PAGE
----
Solar Powered Water Pumping Overview

  Date: 11/24/2014

FAQS Summary:

Solar Powered Water Pumping Overview, system types, sizing and siting

Solar Powered Water Pumping Overview

FAQS Content:

Solar Powered Water Pumping Overview

Solar water pumps are a cost-effective and dependable method for providing water in situations where water resources are spread over long distances; power lines are few or non-existent; or fuel and maintenance costs are considerable.

Solar pumps are specifically designed to accept DC power directly from the solar modules and are optimized for operating under less-than-ideal sun conditions. Where conventional AC-powered pumps require a stable voltage and frequency to operate, solar pumps can operate over a wide range of voltage and available current.

Conventional AC-powered pumps require large amounts of power to move large volumes of water in a short period of time. Solar pumps typically move a smaller volume of water over an extended period of time. This method requires far less power, which minimizes the size and cost of the PV array.

There are several methods for pumping water in remote areas, such as windmills, gas/diesel pumps, and ram pumps. But most of these options are either too expensive to install, or for fuel and maintenance, or require specific site conditions to operate.

Solar pumps can work for most locations and are at full capacity when needed most: during warm, sunny days. In temperate regions, they can be used year-round—which can be particularly helpful for potable water, animal grazing, and other farming operations. For many sites, a solar pump is often the best option for reducing cost and labor.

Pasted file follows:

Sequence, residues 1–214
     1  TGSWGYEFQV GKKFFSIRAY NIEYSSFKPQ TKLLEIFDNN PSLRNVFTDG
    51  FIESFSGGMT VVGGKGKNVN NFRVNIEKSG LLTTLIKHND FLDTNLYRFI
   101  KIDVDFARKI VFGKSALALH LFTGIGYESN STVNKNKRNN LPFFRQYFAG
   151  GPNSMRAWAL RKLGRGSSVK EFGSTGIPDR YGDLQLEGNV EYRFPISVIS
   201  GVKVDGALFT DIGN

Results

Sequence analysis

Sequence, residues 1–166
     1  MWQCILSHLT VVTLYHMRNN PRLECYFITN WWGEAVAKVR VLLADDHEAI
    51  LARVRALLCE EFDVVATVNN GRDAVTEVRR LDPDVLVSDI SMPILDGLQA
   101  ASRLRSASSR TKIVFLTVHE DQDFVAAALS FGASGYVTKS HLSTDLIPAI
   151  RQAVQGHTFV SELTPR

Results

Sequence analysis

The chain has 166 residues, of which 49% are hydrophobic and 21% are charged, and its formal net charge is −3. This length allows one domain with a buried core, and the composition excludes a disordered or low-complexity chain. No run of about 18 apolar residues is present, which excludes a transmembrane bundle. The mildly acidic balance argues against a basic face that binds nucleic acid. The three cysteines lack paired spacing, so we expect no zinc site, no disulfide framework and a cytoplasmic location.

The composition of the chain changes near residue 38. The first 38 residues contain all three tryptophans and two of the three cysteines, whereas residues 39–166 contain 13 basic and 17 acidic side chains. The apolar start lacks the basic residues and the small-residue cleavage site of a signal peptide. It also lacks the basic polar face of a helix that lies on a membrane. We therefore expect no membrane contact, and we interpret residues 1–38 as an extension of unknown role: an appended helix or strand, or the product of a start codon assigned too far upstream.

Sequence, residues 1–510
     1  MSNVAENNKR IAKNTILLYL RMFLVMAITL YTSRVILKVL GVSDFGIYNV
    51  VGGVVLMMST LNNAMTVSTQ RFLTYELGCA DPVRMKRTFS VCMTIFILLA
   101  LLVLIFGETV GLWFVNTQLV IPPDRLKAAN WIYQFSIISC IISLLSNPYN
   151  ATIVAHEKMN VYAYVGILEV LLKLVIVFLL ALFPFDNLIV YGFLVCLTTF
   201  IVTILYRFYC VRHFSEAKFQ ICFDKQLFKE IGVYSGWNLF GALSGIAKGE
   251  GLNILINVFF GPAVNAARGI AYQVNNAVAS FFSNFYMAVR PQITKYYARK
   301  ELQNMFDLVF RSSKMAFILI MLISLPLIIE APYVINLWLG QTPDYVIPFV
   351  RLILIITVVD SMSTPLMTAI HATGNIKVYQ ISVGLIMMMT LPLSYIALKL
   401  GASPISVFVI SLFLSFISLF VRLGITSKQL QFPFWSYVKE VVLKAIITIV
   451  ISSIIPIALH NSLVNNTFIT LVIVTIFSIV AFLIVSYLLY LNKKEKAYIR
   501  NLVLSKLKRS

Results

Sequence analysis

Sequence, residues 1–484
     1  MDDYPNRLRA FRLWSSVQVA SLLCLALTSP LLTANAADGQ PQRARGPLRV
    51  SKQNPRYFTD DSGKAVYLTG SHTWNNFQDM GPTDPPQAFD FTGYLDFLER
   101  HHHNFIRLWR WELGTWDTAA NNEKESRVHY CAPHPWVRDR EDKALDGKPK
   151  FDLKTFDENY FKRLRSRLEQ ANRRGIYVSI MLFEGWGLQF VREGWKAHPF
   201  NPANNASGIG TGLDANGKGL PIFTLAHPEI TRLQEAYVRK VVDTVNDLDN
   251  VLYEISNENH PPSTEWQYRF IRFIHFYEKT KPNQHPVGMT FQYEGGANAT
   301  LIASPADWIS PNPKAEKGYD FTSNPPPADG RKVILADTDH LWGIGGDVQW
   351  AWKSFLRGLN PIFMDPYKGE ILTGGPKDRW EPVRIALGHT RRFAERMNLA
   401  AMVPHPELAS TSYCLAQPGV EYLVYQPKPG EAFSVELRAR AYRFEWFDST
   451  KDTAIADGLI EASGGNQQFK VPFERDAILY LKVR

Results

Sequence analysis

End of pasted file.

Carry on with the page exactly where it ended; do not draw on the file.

In areas with a remote well and limited access to the power grid, solar pumps are the best option—particularly where utility interconnection costs more than $5,000, usually about one-quarter to one-third mile from the grid. (In my area—western New York—the cost for utility power is about $10 per foot, so even PV-based water-pumping systems that are one-eighth mile from the nearest power line can be cost-competitive.) Specific applications include:

Domestic water supplies for off-grid homes and cabins. Although solar water pumps are used in this application, usually the home has an existing power system. In that case, it’s far more cost-effective to run an efficient DC or AC pump off that system.

Livestock watering for pond and stream protection, rotational or prescribed grazing, and remote pasturing. This is the most popular use for solar pumping systems. They have proven to be cost-effective even without the use of federal or state incentives.

Aquaculture for aeration, circulation, and de-icing. Aquaculture is another application where the need for power coincides with peak solar availability. De-icing applications require oversized arrays due to less-than-optimum sun conditions in winter.

Irrigation for small-scale applications. With the recent reduction in the cost of PV modules, solar irrigation is fast becoming cost-effective. Solar pumps are available that can move the larger volumes of water needed for irrigation.

General System Types

In PV-direct systems, the PV array directly powers the water pump. With only three primary components—the array, pump controller, and pump—this can be a very affordable and low-maintenance system. As long as the sun is shining and the system is calling for water, the pump will run. For this type of system, adding water storage and/or oversizing the array for improved low-light operation is critical for most applications. There are three main options for PV-direct systems:

  1. PV-direct with gravity delivery or direct-to-source (e.g., stock tank).This is the least complex and therefore usually the most cost-effective option. This system is well-suited for hilly terrain due to the ability to gravity-feed individual stock watering troughs from the primary tank.